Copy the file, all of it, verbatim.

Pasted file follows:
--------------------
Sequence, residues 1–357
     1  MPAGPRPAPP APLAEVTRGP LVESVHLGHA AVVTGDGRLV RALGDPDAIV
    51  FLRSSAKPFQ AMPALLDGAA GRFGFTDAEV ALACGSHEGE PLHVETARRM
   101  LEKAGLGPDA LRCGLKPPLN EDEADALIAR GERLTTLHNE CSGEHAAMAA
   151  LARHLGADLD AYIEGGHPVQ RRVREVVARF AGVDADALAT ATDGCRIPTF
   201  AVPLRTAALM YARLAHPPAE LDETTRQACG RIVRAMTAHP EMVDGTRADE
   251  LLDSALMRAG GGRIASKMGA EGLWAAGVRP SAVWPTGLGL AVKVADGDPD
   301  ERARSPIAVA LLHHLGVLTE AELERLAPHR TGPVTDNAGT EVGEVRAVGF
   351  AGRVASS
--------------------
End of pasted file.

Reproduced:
Sequence, residues 1–357
     1  MPAGPRPAPP APLAEVTRGP LVESVHLGHA AVVTGDGRLV RALGDPDAIV
    51  FLRSSAKPFQ AMPALLDGAA GRFGFTDAEV ALACGSHEGE PLHVETARRM
   101  LEKAGLGPDA LRCGLKPPLN EDEADALIAR GERLTTLHNE CSGEHAAMAA
   151  LARHLGADLD AYIEGGHPVQ RRVREVVARF AGVDADALAT ATDGCRIPTF
   201  AVPLRTAALM YARLAHPPAE LDETTRQACG RIVRAMTAHP EMVDGTRADE
   251  LLDSALMRAG GGRIASKMGA EGLWAAGVRP SAVWPTGLGL AVKVADGDPD
   301  ERARSPIAVA LLHHLGVLTE AELERLAPHR TGPVTDNAGT EVGEVRAVGF
   351  AGRVASS